Maca naturally contains selenium, but also helps balance all the body's hormones so it may be worth trying as well. If you're skeptical about herbs right now, however, do start with some selenium.<p>[This message has been edited by ArtfulD (edited 12-26-2001).]
I had no idea that 2 glasses of soy milk could make such a difference with the thyroid gland and med. Will stop immediately and try the other 'milk' options mentioned.
So I am figuring that the .99 on the Free T4 might not be low enough? Prior to this test, it always came back in at about 1.17 to 1.23 and stayed in that area. And I was not very zippy at those levels either but this fatigue is just over the limit even for me.
Frankly the whole Free T4 and TSH figuring is confusing and frustrating under any circumstances but worse when you brain is functioning on sloooooow mode.
I have to keep re-reading my previous posts to remember what I wrote within the last 30 minutes!
And while I am at it, I have been experiencing panic episodes recently(few months)which are terrible and sometimes even in my own house!
Geez, I don't know what to expect next!
I know it's confusing. You're hypo (low) thyroid when your T3 and T4 levels are low and your TSH is high. As the T3/T4 decreases, TSH increases.
The panic attacks are probably related to thyroid as well. It's a hyperthyroid symptom, but many of us notice a combination of hypo and hyper symptoms, particularly when we're assimilating a dosage change of our meds. Breathe through them, but note when they occur (time of day, what you've eaten, etc.), if they increase or decrease, get worse or better, etc. It's likely that they will go away as you adjust your medication to a level that works for you. But if you see additional hyper symptoms, it may indicate that you have to hold at this dosage for a little while.
Have you had a chance to read through the Information Archive yet? There are really comprehensive lists of hypo and hyper symptoms that are useful as reference.<p>[This message has been edited by ArtfulD (edited 12-26-2001).]
Information Archives? Are you referring to all the other posts that have appeared here? Because I have started doing that and have read backwards from page 22 through 20.
If that is not right, then let me know how to locate that site.
So if the Synthroid increase is doing its job right, when I am retested, my TSH should have come down and my free T4 back up. I realize that how far down on the TSH and up on the free T4 is determined on how I am feeling. Whatever point that I am able to function will be 'normal' for me.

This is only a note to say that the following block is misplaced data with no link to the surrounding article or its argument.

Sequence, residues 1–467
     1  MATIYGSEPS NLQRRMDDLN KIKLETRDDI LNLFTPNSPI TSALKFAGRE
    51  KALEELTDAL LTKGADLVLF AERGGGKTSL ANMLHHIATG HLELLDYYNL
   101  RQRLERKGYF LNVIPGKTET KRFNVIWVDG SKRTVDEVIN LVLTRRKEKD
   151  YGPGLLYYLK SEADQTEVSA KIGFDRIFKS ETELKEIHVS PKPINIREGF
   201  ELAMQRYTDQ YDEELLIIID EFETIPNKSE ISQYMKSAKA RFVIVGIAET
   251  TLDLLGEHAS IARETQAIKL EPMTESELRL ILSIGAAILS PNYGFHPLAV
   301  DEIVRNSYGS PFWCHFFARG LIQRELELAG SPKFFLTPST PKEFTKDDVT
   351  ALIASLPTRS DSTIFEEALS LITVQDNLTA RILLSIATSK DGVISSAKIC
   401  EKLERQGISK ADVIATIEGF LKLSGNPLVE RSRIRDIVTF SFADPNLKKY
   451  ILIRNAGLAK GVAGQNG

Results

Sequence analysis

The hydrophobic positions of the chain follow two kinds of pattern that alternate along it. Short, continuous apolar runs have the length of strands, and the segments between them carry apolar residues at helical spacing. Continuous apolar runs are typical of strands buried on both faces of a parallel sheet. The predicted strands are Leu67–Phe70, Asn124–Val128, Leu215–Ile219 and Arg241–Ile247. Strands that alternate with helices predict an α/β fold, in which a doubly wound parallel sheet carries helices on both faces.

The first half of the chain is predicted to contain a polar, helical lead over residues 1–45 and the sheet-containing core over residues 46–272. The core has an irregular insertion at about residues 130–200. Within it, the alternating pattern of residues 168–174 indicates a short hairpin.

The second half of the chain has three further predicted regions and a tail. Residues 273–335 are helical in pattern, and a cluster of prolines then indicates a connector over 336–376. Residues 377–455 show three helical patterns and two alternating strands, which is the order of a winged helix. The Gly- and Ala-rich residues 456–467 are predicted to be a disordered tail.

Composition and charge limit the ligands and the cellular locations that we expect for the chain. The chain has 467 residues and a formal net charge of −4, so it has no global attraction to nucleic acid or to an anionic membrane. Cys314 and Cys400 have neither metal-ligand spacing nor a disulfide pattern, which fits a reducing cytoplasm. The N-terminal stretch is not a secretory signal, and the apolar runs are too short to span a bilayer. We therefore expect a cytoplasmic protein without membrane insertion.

The sublingual Vitamin B you mentioned sounds very good, is there a brand name I should look for?
You are going to need a Tylenol by the time you finish answering all my questions...thank you again, Karima
Karima: Welcome to this forum. There is so much information and support here to help people with our disease. I just wanted to add that soy is hidden in so many of our foods. I have been diligent in reading labels and it can add up to quite of alot of soy intake each day if we don't watch it. I can also add that it was making me feel pretty awful but now that I'm aware of the problem I've had much improvement by simply watching out for soy in my diet. I was not advised by my doctor or anyone regarding soy - I learned it here and fortunately so. Best Regards, Blondegal
By jove, I think she's got it! Hopefully, you will see a decrease in your TSH and increase in your Free T4 next time 'round.
The Information Archive is a thread to which we all contribute useful bits of info. It gets bumped up to the top of this board every so often (as does our "Tell Our Stories" thread), and we try to keep it on the most current page. I see it's down toward the middle right now. Here's the link to it:
<A HREF="http://www.healthboards.com/ubb/Forum118/HTML/000005.html" TARGET=_blank>http://www.healthboards.com/ubb/Forum118/HTML/000005.html</A>
A Link to Our Stories: <A HREF="http://www.healthboards.com/ubb/Forum118/HTML/000045.html" TARGET=_blank>http://www.healthboards.com/ubb/Forum118/HTML/000045.html</A>
The B-complex liquid is actually called "B-Total sublingual" and I believe that is that name that will help the health food store folks find it. I can't mention the manufacturer because we can't make commercial references on this board, but it's not a big name. You can find also the product on the web if you do a search for "B-Total sublingual." It often comes in twin-packs (two bottles for the price of one) -- a good savings.
As for your questions, ask away! That's what we're here for. A lot of folks were here for me (and still are) during my critical moments. I'm sure you'll be posting back to tell your story and help others in no time.
I am so sorry not to respond right away, I was not on line for a few days. Although, I see the more qualified people have responded to your inquiries. I'm not sure how to reply. No one knows what is wrong with me yet. My new doc thinks it just anxiety but I don't think that is all. I think anxiety is a symptom I am experiencing from something else that is wrong. I really don't know anything about thyroid meds since the docs don't think my thyroid is the problem. Tree Frog is the best person to respond.